This post is all about how to book train tickets in Spain. Some tips from us on how we think it’s easiest and how you can use the trains in Spain.
Why were you catching trains in Spain?
I chose Spain for my first attempt at backpacking solo with the three kids. It was the first time we’d travelled really without our car and I was pretty apprehensive about how to get around.
Taxis, Uber, BlaBlaCar – they’re all great but they’re restrictive and can be expensive for four people. Coaches and buses are cheap but slow and did I really want to spend HOURS on a hot bus with the kids? The only option was to catch a dreaded train…My heart sank, but really, it wasn’t like that at all. It was brilliant.
Catching the train turned out to be the easiest method of travel we’ve booked so far.
- I didn’t have to map read,
- I didn’t have to watch the wing mirrors,
- I didn’t have to ask the driver to shout for me when we reached the ‘right’ stop, in fact I didn’t have to speak to anybody at all.
- I didn’t have to unpack all our electrical devices and panic about going through security on time,
- I didn’t even plan any activities for the kids to do.
It really was that simple. So here’s a few of my tips on how to book trains in Spain and how to enjoy the flexibility it can give you.
Explaining Spain’s trains
Renfe is the public owner of Spain’s trains and it manages all the passenger trains in Spain. The country has currently 14,000 km of railway infrastructure and more than 1,550 stations.
These are the different types of trains Spain has:
The trains with the noses (AVE – High speed trains)
Reaching up to 310 km/h these are the fast trains that connect the major cities. You can travel from Madrid to Barcelona in less than 3 hours!
Similar to AVE but a little bit slower, reaching a maximum speed of 250 km/h. These trains use both high-speed and regular tracks and reach a larger number of destinations.
Take a look at the map of main connections in Spain for train lines.
The Avant services are Media Distancia services provided by high-speed trains specifically designed for short journeys.
Quirky and slow, these trains take their time to pass through countryside. Some even serve food and offer sleeping accomodation.
Visit here to book.
Local, short distance trains that run as commuter trains serving Spain’s major metropolitan areas.
How to book train tickets in Spain
When I was researching how best to book tickets, many websites suggested RENFE was unreliable and the English version rarely worked. I didn’t have that problem but here are some ways to book a ticket on RENFE trains.
- Visit RENFE – The website is in Spanish, French & English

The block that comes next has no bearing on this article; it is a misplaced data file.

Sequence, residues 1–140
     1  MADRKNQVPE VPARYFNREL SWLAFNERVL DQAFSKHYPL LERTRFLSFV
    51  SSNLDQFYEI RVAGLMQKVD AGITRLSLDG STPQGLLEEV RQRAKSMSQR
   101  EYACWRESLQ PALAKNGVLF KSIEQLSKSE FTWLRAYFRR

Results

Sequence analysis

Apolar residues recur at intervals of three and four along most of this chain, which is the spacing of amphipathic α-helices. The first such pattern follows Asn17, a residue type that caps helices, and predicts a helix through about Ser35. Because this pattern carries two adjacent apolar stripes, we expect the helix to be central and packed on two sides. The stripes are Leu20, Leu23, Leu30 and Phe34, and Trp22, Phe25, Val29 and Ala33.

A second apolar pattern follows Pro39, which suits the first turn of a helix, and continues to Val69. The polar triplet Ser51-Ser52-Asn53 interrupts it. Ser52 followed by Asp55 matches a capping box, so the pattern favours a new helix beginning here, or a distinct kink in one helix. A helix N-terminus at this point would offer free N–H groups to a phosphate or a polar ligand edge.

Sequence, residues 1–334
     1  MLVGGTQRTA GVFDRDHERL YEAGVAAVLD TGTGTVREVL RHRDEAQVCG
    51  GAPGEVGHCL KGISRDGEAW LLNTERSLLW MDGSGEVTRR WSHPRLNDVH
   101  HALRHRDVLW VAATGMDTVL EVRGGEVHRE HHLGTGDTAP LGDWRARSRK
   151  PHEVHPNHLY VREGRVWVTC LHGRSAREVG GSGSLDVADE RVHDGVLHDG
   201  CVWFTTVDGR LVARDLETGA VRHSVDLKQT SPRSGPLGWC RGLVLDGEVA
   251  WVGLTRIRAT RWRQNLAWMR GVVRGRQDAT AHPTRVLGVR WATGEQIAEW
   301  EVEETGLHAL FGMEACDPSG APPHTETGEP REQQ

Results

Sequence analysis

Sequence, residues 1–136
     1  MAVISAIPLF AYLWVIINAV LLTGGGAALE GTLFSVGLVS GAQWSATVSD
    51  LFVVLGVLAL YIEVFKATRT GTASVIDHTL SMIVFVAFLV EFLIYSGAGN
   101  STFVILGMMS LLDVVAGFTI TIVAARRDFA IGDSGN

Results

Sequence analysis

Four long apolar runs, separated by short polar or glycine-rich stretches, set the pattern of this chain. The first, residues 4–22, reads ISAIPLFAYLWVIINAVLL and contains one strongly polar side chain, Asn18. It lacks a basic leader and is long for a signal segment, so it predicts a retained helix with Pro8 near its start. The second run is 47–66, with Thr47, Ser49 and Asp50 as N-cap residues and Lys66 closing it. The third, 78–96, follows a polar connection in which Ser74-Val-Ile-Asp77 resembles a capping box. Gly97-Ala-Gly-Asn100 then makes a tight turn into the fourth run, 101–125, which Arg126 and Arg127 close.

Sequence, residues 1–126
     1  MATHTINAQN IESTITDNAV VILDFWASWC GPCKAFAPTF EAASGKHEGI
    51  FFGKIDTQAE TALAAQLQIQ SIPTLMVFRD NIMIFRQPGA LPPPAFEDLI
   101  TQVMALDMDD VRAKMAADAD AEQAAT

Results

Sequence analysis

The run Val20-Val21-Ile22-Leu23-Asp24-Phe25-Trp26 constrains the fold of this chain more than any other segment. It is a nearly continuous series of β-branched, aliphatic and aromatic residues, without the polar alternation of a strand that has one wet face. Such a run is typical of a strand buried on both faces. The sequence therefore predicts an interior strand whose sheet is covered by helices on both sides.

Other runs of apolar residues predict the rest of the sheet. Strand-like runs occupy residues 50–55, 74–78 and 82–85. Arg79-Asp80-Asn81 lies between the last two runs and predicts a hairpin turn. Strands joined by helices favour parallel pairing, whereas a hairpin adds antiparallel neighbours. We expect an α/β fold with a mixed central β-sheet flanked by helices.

- Visit a train station and buy the tickets from a desk or automated machine
- Visit Trainline.EU – This site is in English and the price was 30 euros cheaper for exactly the same trains advertised on RENFE.
Using a Renfe Spain Pass
If you’re doing a multitude of AVE train journeys in under a month, it may be worth considering buying a RENFE Spain Pass.
- It is a pass only available for citizens resident in countries outside Spain. You must present a valid passport as proof.
- You can choose passes of 4, 6, 8 or 10 journeys, to be used within 1 month.
- It is valid for all AVE Long Distance and Medium Distance trains.
- To travel you must reserve a seat.
4 passes: 195,00 €
6 passes: 275,00 €
8 passes: 350,00 €
10 passes: 410,00 €
Printing train tickets in Spain
In order to print the tickets, we had to arrive at Seville station no less than 15 minutes before the train. We visited one of the many ticket machines dotted around the station and using a reservation number and my credit card, the ticket machine spewed out 8 tickets for our return journey.
It was remarkably simple, straightforward and stressless. It was amazing and I was flabbergasted.
What to expect from your station
Seville is a big city and the train station was a reflection of this. It had a number of restaurants and coffee shops in it as well as a busy ticket office. However Cadiz, which is a much smaller station, only had one small coffee shop that sold coffee and ham sandwiches.
We made the mistake of presuming our train station would have something suitable for breakfast however I guess my idea of ‘sensible’ is nothing similar to Spain’s idea and especially if you’re a vegan!
Our train was serviced by a guard and I think all trains are. He checked our tickets and walked on by.
Toilets on board
The only trains not to have toilets are Cercanias trains. Most are large enough for wheelchairs.
Bag storage on the trains
Except Cercanias, each carriage has a bag storage area as well as luggage racks located above the seats along the entire length of the carriage.
How did we rate our experience?
We were very happy with how easy it was to book tickets. Even happier we got a discount of 30 euros.
Train stations 7/10
They were clean and tidy although there was no food we could eat and no toilet at one station. Printing the tickets was easy and detailed our carriage number and seats.
Our four trains all ran on time, they were easy to board, easy to store our luggage, they were clean and didn’t smell. IN comparison to British trains they were 1000 times better.
Our perspective on train tickets in Spain
I feel like it was an exceptionally successful introduction to Spain’s train lines. Certainly a much better experience than catching trains in the UK and Australia.
The kids were happy and comfortable in their own chairs. We all had a great view out of the window and we could see the train’s speed as it was shown on the monitor in our carriage.
The trains were very clean and in immaculate condition. I think the journeys were well priced and the prices matched what I was finding on Blablacar and of course didn’t come with any of the constraints of being in somebody else’s car.
The timetable was very regular and offered a large choice, especially on a Sunday. All in all a great experience that we will repeat.